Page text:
Each state offers a different combination of financial aid programs. While grant availability and type vary from state to state, most states have at least one state-sponsored grant program. 

To apply for a state-sponsored grant, students must complete the FAFSA and submit it by the state’s corresponding deadline. Most states provide these grant awards to students enrolling at participating colleges and universities. Not all colleges or universities in a state may participate in the grant program(s).

The table below includes selected information on government education grant availability in every state.

StateGrant Name(s)Grant TypeEligibilityGrant AmountGoverning Body
AlabamaAlabama Student Assistance Program (ASAP)Need-based– Be an Alabama resident-Accepted at a participating institution$300 – $5,000 Alabama Commission on Higher Education
https://www.ache.edu/index.php/grants-scholarships-amstep/
rowspanAlabama Student Grant ProgramMerit-based– Accepted at one of the following institutions:
Amridge University
Birmingham Southern College
Faulkner University
Huntingdon College
Miles College
Oakwood University
Samford University
Spring Hill College
South University – Montgomery Stillman College U.S. Sports Academy
University of Mobile
Up to $3,000
AlaskaAlaska Performance ScholarshipMerit-basedLevel 1: GPA at least 3.5, ACT 25 or SAT 1210
Level 2: GPA at least 3.0, ACT 23 or SAT 1130
Level 3: GPA at least 2.5, ACT 21 or SAT 1060
Up to $4,755 



Up to $3,566



Up to $2,378
Alaska Commission on Postsecondary Education (ACPE)
https://acpesecure.alaska.gov 
rowspanAlaska Education GrantNeed-based– Be an Alaska resident for at least 365 days before filing the FAFSA
– Have a high school diploma or GED
– Accepted at a participating school
– Enroll at least half-time
$500 – $4,000 
ArizonaArizona Leveraging Educational Assistance Partnership (AzLEAPNeed-based– Be an Arizona resident-Enroll at least half-time-Be eligible for the Pell Grant
– Maintain satisfactory academic progress as outlined by the institution
Up to $2,500Arizona Commission for Postsecondary Education 
https://azgrants.az.gov/arizona-leveraging-educational-assistance-partnership-azleap 
ArkansasArkansas Academic Challenge ProgramNeed-based– Be an Arkansas resident for at least 12 months before enrollment
– Have a high school diploma or GED
– Be accepted into an approved institution
– Enroll full-time in both semesters
$2,000 – $5,000Arkansas Department of Higher Education
https://scholarships.adhe.edu/scholarships-and-programs/a-z/ 
rowspanArkansas Future Grant (ArFuture)– Be an Arkansas resident for at least three years before applying
– Have a high school diploma or GED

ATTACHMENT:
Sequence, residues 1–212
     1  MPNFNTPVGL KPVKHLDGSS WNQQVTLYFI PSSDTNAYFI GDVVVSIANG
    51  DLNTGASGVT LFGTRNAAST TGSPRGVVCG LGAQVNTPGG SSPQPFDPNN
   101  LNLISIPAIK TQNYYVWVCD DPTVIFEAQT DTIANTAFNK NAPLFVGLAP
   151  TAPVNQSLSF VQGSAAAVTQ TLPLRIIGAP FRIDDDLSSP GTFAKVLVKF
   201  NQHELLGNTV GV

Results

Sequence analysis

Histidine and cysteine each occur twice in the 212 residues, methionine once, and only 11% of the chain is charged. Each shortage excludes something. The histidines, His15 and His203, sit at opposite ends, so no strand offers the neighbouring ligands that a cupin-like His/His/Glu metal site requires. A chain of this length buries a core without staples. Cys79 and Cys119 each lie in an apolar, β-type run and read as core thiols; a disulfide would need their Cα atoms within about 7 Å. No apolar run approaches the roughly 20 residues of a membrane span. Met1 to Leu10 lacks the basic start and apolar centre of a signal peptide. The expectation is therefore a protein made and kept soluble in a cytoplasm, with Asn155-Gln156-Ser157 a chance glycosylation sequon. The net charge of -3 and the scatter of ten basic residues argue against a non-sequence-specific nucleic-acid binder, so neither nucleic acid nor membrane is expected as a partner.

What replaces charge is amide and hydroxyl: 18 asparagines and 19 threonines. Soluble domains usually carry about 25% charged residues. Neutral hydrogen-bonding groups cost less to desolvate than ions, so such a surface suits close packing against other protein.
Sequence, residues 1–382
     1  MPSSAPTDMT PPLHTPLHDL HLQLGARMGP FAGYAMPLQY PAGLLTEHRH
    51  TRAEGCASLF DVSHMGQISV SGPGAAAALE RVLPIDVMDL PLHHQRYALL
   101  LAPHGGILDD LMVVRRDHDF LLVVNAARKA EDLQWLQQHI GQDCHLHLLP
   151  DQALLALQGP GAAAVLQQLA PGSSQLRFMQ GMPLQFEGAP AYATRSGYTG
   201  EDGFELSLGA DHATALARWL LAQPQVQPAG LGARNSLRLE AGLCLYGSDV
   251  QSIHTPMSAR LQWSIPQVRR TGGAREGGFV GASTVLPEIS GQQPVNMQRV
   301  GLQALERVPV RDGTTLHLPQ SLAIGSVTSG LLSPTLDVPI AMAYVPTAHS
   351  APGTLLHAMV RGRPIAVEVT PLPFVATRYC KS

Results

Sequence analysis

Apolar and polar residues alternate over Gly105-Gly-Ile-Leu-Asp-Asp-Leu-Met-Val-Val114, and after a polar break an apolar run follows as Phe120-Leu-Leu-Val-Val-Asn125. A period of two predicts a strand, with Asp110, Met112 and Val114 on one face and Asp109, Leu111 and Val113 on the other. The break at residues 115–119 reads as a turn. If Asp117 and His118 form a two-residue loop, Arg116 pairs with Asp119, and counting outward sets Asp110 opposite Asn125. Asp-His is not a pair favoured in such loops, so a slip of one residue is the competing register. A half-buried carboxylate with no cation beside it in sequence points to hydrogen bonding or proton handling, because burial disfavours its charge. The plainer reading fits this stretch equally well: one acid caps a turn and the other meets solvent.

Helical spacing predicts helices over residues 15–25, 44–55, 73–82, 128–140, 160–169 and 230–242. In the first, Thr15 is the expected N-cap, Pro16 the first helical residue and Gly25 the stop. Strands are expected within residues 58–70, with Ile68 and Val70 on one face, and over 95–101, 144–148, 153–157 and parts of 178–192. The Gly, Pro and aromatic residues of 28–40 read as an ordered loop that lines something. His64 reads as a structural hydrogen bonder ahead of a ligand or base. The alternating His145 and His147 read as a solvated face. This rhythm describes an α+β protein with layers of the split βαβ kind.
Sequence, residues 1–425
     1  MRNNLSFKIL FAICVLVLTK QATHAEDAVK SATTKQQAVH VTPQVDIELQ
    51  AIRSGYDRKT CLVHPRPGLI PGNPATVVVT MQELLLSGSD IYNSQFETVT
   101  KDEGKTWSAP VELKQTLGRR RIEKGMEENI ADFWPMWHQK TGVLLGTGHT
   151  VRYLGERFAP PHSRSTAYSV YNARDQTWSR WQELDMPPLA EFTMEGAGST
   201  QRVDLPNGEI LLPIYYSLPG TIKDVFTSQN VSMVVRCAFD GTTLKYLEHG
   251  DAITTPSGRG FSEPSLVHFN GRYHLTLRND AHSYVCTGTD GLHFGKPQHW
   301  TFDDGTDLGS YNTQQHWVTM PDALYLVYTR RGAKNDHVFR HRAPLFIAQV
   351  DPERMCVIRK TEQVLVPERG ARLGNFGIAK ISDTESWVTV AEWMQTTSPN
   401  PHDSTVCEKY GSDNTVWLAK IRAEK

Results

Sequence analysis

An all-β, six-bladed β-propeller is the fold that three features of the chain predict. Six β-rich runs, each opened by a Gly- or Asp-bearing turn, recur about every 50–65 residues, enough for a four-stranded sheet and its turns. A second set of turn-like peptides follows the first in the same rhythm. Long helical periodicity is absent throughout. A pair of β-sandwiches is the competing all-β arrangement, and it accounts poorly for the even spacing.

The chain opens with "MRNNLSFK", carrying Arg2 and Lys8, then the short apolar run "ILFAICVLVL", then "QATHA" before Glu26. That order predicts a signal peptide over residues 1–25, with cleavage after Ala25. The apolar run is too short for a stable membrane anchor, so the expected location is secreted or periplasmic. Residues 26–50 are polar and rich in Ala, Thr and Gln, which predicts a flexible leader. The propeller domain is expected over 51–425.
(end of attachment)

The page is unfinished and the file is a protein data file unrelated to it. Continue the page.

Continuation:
An amount equal to tuition and fees minus any other financial aid awards student has received
CaliforniaCal Grant ProgramNeed-based– Be a California resident for at least one year
– Enroll at least half-time at a participating institution
– Maintain satisfactory academic progress as outlined by the institution
Up to $12,500California Student Aid Commission 
https://www.csac.ca.gov/financial-aid-programs 
ColoradoColorado Student GrantNeed-based– Be a Colorado resident
– Have not defaulted on a student loan
– Enroll at a participating institution
Up to $5,000Colorado Department of Higher Education https://highered.colorado.gov/students/preparing-for-college/financial-aid-for-students 
ConnecticutCapitol Scholarship Grant ProgramMerit-based– Be a Connecticut resident
– Score in the top 20% of the graduating class or earn a 27 on the ACT or 1800 on the SAT
– Be accepted at a participating institution in Connecticut, Maine, Rhode Island, Massachusetts, Vermont, Pennsylvania, or Washington D.C.
Up to $2,000Connecticut Office of Higher Education http://www.ctohe.org/SFA/ 
Connecticut Aid to Public College Students Grant Program (CAPCS)Need-based– Be a Connecticut resident-Enroll in a state public institutionBased on the remaining balance after other financial aid awards
DelawareScholarship Incentive Program (SCIP)Need-based– Be a Delaware resident-Have a minimum GPA of 2.5
– Enroll full-time at an approved institution in Delaware (may enroll in an out-of-state institution if the degree is not offered in-state)
Up to $2,200Delaware Office of Higher Education 
https://www.doe.k12.de.us/Page/996 
FloridaFlorida Student Assistance Grant (FSAG)Need-based– Be a Florida resident-Enroll at a participating institution
– Enroll for at least 12 hours per term for full-time enrollment
No less than $200Florida Department of Education
https://www.floridastudentfinancialaidsg.org/SAPHome/SAPHome?url=home 
rowspanBright Futures ScholarshipMerit-based– Be a Florida resident-Complete the Florida Financial Aid Application (FFAA)
– Earn a high school diploma or GED in Florida
– Enroll for at least 6 credit hours
– Accepted at a participating institution
– Have a minimum GPA of 3.0
Varies
GeorgiaHOPE GrantMerit-based– Be a Georgia resident
– Accepted at a participating institution
– Maintain a GPA of at least 3.0
Determined by schoolGeorgia Student Finance Commission
https://www.gafutures.org/hope-state-aid-programs/hope-zell-miller-grants/hope-grant/ 
Hawaii B Plus ScholarshipNeed-based– Be a Hawaii resident
– Enroll full time at a participating institution
– Earned a high school GPA of 3.0 or higher
Up to $2,000Hawaii State Department of Education